Tested the Waters, Literally

It is getting close to my departure date, so I figured it was about time to actually spend some trial time in the Airstream. I successfully made it through two days and one stormy night in my new aluminum home; parked in a campground just outside Joliet, IL. I didn’t think it would ever stop raining, but everything (and everyone) held up just fine. Talk about crazy weather for my first night in it!

Even the Touareg is all wired up and ready to go. Steve at US Adventure RV is the man! I got the chance to hook it up myself and take everything out for a test drive (with adult supervision, of course). For the first time ever towing anything, it went pretty well. (Remind me to share the story of the flying blender!) We took the Touareg/Airstream on some side roads, out on I-80, and back to a parking lot to practice backing up. And, yes, backing up is confusing, but I think I have the hang of it!

Not too many photos to share until I get everything unpacked and set up. The maiden voyage will begin on Friday, May 1, with a trip down to St. Louis. I will post plenty of photos then. For now, here was my stellar view last night. Lovely, huh?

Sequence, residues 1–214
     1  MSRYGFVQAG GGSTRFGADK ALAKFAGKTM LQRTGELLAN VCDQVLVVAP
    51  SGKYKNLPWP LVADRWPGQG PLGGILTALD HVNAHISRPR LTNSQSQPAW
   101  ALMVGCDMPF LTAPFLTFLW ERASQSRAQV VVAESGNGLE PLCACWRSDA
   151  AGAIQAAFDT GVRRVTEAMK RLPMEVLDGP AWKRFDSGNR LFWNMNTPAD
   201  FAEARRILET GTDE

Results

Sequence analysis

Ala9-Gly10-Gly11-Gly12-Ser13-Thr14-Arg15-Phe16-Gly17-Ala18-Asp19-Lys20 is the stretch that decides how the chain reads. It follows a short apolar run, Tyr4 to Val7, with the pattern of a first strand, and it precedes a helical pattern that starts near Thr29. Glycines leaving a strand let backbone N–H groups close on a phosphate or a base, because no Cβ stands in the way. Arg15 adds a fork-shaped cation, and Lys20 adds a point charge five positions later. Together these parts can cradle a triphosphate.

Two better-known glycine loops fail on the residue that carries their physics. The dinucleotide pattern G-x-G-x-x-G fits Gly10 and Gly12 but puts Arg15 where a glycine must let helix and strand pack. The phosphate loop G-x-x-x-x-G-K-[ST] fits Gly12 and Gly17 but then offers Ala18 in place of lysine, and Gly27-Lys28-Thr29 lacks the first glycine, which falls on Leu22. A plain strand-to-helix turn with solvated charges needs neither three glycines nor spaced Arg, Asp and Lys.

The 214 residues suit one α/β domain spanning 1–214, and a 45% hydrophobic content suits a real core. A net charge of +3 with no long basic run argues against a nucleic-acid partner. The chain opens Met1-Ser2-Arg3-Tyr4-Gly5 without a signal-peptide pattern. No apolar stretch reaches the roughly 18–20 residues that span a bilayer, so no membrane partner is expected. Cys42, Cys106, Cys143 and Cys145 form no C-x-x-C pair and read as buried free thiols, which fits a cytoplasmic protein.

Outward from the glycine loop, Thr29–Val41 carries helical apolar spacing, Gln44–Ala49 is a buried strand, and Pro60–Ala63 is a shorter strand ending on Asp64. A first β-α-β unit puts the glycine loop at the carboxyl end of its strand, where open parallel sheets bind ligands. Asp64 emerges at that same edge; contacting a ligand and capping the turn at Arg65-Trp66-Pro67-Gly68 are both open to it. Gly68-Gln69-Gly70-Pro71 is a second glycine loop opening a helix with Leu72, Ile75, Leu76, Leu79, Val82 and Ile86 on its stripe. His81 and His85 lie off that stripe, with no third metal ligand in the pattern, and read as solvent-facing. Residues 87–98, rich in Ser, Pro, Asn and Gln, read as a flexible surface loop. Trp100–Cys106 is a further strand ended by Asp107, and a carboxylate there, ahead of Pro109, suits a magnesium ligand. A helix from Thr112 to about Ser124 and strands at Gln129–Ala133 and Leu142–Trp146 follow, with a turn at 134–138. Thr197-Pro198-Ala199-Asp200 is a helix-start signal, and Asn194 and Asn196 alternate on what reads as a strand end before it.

Martin Campground
Martin Campground

  • Roger

    A tip for backing up, you may have heard it already. Put your hand on the bottom of your steering wheel. Move your hand the direction you want the tail of your trailer to go.

    Practice, practice, practice.

  • Meredith

    Would a flying blender be a Black & Deck-u? Hehe. (Whoa, that was cheesy.) You better proceed with caution. Airborn appliances could be an unexpected travel risk.

  • Dale Rehus


    I’ve towed a boat and backed it into my driveway thousands of times and there are a few things I’ve learned along the way. Going forward, make square corners. The trailer will follow tow vehicle but when going around things like curbs and gas station islands, square off those corners. Watch your trailer on the onside mirror while turning.

    As for backing up, put your right arm over the seat while backing up and look out your back window. Don’t think about which way to turn the wheel and all that stuff. Just make MINOR moves to the wheel and slowly back up. In minutes you’ll be a master. Honestly, I couldn’t tell you which way to turn the bottom of the wheel to go which way, but I can back my trailer down a launch ramp with boats on all sides no prob!

    I’m not sure how your trailer bearings are greased, but do it regularly like oil changes. When you stop to get fuel, get in the habit of touching your trailer wheels (not tires) to see if there’s overheating. Nothing will stop you quicker than a burned out wheel bearing.